Craigslist Sues South Carolina in Preemptive Legal Strike
Turning the legal tables, Craigslist Inc. this morning filed a lawsuit against the attorney general of South Carolina for threatening to file criminal charges against the Web site.
Craigslist, a classified advertising site that is known for selling everything from toasters to escort services, said today it filed a lawsuit in federal court in South Carolina against Attorney General Henry McMaster. The company is seeking a restraining order and declaratory relief, which is a court's judgment on a party's rights without awarding damages or ordering anything to be done.
"In addition to being unwarranted by the facts, legal experts agree that the charges threatened represent an unconstitutional prior restraint on free speech, and are clearly barred by federal law," said Craigslist in a blog post. "Mr. McMaster's repeated threats of criminal prosecution should we refuse to shut down Craigslist for South Carolina have left us little choice but to seek declaratory relief before the court."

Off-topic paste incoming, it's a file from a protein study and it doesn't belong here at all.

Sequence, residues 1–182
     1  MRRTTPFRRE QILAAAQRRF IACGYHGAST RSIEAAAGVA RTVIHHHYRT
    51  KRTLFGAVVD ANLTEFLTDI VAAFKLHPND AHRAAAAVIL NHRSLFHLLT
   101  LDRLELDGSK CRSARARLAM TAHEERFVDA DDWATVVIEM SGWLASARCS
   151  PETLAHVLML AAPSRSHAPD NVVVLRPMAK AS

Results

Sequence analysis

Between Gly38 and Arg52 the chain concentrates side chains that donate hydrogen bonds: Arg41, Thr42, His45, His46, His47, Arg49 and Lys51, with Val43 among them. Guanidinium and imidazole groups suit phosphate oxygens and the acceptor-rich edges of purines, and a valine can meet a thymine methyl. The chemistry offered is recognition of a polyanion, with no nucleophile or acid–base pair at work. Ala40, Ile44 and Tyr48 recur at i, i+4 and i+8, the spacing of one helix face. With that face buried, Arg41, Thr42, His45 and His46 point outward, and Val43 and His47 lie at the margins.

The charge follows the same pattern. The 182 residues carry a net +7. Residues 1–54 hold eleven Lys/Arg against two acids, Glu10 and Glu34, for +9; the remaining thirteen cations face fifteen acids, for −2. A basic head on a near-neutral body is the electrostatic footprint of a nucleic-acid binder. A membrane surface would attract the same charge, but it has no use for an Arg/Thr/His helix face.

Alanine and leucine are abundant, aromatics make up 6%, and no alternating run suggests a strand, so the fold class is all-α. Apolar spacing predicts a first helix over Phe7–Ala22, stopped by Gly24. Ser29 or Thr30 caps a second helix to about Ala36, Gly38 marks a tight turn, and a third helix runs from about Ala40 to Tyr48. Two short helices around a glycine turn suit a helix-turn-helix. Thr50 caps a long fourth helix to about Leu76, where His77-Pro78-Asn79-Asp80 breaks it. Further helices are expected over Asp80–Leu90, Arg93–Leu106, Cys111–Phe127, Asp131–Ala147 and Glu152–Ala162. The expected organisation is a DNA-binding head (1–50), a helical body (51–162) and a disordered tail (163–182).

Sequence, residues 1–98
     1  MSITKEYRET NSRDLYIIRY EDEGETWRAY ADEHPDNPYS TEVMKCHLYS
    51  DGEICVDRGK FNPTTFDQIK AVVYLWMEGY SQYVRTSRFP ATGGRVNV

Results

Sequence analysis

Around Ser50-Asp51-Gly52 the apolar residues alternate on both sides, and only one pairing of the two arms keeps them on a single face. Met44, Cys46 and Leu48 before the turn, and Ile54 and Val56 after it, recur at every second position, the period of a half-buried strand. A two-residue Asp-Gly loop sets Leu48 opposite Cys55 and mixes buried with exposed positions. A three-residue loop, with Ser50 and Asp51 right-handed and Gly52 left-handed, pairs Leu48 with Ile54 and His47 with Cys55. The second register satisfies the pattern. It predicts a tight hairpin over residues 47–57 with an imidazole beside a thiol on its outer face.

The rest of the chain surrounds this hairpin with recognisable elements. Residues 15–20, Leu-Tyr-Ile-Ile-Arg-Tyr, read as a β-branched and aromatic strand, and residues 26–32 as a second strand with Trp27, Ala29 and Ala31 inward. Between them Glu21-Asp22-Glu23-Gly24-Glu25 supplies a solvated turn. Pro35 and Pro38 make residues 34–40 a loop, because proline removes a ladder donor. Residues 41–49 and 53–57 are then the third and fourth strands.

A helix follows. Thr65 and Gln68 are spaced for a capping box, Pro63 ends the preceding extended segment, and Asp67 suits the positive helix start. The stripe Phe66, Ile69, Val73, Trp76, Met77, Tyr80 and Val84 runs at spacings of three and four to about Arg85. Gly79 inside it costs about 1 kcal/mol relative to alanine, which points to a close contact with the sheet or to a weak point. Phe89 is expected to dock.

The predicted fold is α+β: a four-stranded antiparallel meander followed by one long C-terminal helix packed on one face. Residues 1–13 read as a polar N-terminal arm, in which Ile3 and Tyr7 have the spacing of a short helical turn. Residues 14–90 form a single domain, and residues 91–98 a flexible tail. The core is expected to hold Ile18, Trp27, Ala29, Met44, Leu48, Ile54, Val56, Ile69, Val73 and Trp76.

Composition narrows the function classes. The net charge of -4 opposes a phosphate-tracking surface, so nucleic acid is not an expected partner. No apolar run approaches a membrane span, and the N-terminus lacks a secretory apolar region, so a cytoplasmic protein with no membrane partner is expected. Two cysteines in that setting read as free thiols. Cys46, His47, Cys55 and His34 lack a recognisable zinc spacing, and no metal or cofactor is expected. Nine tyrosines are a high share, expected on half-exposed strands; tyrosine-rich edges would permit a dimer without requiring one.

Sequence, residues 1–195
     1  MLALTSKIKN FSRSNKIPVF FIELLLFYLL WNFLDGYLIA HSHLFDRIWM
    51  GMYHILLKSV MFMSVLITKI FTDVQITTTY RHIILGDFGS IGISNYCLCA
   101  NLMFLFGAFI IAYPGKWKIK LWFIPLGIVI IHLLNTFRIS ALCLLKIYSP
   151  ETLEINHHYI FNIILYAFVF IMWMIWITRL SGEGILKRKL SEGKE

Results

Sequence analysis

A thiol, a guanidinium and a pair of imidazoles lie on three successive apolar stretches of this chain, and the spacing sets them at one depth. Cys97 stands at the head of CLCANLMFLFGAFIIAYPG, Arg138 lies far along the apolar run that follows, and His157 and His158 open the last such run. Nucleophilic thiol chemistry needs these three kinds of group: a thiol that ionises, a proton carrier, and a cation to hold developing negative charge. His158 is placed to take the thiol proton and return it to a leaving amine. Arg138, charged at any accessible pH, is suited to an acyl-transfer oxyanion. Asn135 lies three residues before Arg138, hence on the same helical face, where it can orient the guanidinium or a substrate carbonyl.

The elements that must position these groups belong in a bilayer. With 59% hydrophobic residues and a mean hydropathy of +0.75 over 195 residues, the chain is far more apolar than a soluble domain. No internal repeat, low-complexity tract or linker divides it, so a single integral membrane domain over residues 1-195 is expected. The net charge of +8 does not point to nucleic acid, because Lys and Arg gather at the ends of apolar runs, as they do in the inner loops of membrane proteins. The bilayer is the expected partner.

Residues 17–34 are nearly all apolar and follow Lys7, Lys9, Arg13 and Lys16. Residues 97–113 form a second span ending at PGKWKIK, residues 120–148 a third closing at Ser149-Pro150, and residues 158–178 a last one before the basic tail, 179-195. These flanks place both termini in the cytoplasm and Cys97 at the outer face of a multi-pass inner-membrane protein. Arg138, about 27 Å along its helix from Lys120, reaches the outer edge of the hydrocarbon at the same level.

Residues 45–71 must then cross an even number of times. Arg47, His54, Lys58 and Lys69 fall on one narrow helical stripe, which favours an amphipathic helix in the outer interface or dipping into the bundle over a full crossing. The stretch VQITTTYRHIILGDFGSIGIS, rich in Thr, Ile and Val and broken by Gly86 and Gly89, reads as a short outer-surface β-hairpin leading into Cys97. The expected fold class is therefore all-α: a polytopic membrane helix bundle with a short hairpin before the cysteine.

McMaster shot back this morning by calling the lawsuit good news for the state.
"It shows that Craigslist is taking the matter seriously for the first time," said the attorney general in a statement e-mailed to Computerworld. "More importantly, overnight they have removed the Erotic Services section from their Web site, as we asked them to do. And they are now taking responsibility for the content of their future advertisements. If they keep their word, this is a victory for law enforcement and for the people of South Carolina. Unfortunately, we had to inform them of possible state criminal violations concerning their past practices to produce a serious response."
The lawsuit is the latest action in a brouhaha that has encompassed Craigslist over the past several weeks.
Earlier this week, McMaster said efforts by Craigslist to eliminate racy ads aren't enough to halt his criminal investigation, a statement that prompted Craigslist CEO Jim Buckmaster to demand an apology.